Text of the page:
Regina Leader-Post journalist, and University of Regina alumni, Austin Davis recently caught up with the Carillon as he was travelling to La Loche to cover the recent school-shooting tragedy in that community.
What’s going through your mind on the road to La Loche?
Safety first. We’ve got to get there safe to be any good. That’s the first rule of travelling and doing journalism. In terms of the story, I’ve never been to La Loche before. Like everyone else in the province, across the country and even internationally, I was heartbroken to hear the news about the tragedy that happened at their school. It’s weird to say that I’m looking forward to it, but I’ve got an opportunity here to tell the story of these people, so I take that very seriously. It’s an honour on one hand. But I know the reason why I’m going up there isn’t good.
Is this kind of assignment essentially why you decided to become a journalist in the first place?
Yes and no. If I was able to tell happy stories for the rest of my life, exclusively, I don’t know anybody who wouldn’t want to do that. But that’s just not the reality. That’s part of the news. Part of why I got into this gig is because I’m fascinated by people and the human condition and to help people respond to things — how they react to both the good and the bad. On one hand, yeah, this is the kind of opportunity you get if you do it long enough. But covering tragedies isn’t why I got into the business (laughs).
Does the approach and mindset change if you’re en route to covering a “happy” event?
I think it has to, or you’d come off as tone-deaf. I’m not a stranger to death and talking to people after they’ve experienced great loss in their lives. I’m not out of my element there. It’s weird to say I’m comfortable with death, but I’m not uncomfortable with it. I think my mentality does change. This community has been affected by something nobody should have to go through. It’s awful. If you went into it the same way that you went into a happy story, I don’t think it would be a very strong piece.
Aside from journalism, is there anything else you’d rather be doing for a living?
Ed, if I was good enough to be paid to rap for a living, that’s what I’d be doing. But I’m not. I love talking with strangers and I love writing stories. This is great, man. This is a dream — especially reporting the news in my hometown. I don’t think there’s anything else I’d rather be doing.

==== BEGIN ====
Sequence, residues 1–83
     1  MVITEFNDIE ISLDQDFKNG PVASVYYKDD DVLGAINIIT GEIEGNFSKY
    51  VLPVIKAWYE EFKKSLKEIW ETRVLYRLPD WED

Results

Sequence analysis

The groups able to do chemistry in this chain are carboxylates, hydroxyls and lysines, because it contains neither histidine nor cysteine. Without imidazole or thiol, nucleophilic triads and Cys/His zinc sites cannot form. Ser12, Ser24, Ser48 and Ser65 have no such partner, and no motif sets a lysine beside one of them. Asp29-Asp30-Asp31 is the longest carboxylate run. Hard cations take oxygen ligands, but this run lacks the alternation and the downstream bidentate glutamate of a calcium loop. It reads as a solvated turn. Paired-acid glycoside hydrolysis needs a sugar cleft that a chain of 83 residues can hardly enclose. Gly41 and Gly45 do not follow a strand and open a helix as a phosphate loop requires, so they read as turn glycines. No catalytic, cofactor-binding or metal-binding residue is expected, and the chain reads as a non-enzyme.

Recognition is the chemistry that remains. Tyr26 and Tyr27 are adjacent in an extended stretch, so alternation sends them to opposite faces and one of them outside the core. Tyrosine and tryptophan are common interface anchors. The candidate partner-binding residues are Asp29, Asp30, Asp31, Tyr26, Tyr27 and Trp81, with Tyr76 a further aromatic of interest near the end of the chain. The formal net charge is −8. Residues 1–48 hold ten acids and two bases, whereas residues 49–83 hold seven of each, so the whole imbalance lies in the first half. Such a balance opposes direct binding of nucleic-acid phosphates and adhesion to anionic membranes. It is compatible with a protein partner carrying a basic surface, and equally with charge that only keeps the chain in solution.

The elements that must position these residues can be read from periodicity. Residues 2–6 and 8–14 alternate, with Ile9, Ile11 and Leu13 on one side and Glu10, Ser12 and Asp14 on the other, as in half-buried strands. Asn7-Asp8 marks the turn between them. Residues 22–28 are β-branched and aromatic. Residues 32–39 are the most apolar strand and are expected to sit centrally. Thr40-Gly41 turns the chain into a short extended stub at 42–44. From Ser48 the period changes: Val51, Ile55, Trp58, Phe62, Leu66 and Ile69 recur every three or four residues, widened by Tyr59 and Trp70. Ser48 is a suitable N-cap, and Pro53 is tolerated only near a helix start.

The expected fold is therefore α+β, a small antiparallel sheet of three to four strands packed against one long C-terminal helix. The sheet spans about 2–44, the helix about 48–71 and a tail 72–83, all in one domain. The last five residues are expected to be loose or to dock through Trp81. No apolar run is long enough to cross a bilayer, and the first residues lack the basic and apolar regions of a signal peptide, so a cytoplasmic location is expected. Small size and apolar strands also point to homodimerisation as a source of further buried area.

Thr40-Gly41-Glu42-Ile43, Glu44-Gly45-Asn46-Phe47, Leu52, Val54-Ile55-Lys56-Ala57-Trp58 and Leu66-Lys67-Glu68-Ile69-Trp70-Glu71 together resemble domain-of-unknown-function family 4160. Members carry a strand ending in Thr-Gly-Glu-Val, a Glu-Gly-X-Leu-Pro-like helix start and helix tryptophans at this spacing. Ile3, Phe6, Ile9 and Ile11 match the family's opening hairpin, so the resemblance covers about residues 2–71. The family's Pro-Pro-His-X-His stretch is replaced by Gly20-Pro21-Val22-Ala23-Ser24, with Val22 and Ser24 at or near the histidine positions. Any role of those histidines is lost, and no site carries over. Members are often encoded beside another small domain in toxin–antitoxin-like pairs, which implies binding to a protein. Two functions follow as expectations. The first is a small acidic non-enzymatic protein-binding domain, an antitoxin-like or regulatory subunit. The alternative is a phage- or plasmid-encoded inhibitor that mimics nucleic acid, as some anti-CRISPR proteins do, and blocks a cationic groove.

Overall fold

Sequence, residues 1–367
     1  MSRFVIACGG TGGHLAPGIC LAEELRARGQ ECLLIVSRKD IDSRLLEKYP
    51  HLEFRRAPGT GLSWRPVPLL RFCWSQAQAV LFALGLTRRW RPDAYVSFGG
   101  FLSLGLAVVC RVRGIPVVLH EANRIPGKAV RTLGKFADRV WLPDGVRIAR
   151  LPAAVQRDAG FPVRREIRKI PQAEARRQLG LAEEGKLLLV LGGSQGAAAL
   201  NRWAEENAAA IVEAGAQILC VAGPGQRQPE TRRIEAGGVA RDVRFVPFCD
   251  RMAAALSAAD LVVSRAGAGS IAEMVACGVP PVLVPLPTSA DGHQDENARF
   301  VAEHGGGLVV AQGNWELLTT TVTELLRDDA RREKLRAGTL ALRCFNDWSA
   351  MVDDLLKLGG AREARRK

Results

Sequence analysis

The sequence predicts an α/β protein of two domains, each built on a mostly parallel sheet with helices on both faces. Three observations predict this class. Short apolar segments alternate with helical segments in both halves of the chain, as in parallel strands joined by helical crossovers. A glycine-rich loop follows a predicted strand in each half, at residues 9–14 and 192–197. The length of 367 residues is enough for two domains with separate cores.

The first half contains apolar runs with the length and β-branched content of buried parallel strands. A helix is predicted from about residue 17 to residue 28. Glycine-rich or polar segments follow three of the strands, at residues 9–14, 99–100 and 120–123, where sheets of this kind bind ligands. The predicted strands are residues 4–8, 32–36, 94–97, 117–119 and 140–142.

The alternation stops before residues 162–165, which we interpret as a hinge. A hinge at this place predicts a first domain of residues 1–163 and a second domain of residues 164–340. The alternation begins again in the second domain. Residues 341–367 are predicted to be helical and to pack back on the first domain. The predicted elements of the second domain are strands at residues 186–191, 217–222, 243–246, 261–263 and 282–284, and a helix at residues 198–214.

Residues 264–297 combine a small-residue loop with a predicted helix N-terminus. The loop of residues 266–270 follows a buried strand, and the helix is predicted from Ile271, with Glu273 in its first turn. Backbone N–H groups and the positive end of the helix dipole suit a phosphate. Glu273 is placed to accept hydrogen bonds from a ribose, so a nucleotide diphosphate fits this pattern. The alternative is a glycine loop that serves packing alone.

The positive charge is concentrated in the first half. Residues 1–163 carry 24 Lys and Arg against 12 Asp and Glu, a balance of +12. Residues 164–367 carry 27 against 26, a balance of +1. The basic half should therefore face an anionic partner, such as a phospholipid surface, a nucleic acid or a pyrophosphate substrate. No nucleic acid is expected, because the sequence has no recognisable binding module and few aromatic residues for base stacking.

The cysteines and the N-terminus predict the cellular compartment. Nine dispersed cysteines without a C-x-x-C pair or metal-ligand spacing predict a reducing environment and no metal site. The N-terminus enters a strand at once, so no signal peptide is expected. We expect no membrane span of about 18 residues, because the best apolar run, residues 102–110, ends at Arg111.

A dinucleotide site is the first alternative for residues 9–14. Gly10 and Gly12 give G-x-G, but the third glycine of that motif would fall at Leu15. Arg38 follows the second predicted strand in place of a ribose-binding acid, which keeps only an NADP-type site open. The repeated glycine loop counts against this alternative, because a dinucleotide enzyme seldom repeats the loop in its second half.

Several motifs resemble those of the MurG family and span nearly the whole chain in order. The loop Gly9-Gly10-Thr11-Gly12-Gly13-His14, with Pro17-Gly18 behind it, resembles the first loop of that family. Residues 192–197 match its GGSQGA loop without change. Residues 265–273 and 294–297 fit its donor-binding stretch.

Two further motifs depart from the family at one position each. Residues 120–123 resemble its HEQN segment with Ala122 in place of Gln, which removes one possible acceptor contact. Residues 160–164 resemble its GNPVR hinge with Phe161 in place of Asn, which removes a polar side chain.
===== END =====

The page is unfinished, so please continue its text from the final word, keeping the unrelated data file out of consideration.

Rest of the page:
Is working for the Regina Leader-Post a dream job for you, or is this a stepping stone to something bigger and greater?
It’s tough to predict the future. Everything I’ve done, including going to journalism school, has been with the hope that I would be able to work with the Leader-Post, so this is a dream. Do I know if there’s a next step? No. It’s kind of weird to think like that when the industry looks to be collapsing around us. I love the Leader-Post. They’ve give me a great opportunity. Like I said, it’s my hometown newspaper. It’s a dream job. Is it the last stop? I don’t know.
Are you concerned about the future of your industry?
The outlook isn’t pretty, man. It definitely isn’t pretty. Yes, I’m concerned. But standing there, watching the storm clouds as they start to gather doesn’t really help your cause at all. You can’t panic. You do what this job demands, and there’s still a need for it. It makes me think of directors who made their living off black-and-white films and silent films and what they thought as talkies and colour started to come. Change can look like death sometimes, but I don’t think that’s exclusive.
Is it just a matter of doing your job as well as you can while you can, or are you learning additional skills or planning anything different for the future?
I’ve always been a big believer — and this comes from journalism school, as well — that the more tools you have in your toolbox, the better off you’ll be. And that’s regardless of your profession. In journalism, yeah, I’m a print journalist. But I was also trained in video and regularly try to practise that. I’m a little rusty on my radio skills since journalism school at the U of R. But the more you can do, the better off you’ll be, especially as you try to engage people and share their stories. The more ways you’re able to tell a story, the more likely you’ll be able to connect with people … Newspaper are important. People need newspapers. But you have to remind them. All you can do is do the best job you can, if that includes experimenting, then I think that’s good.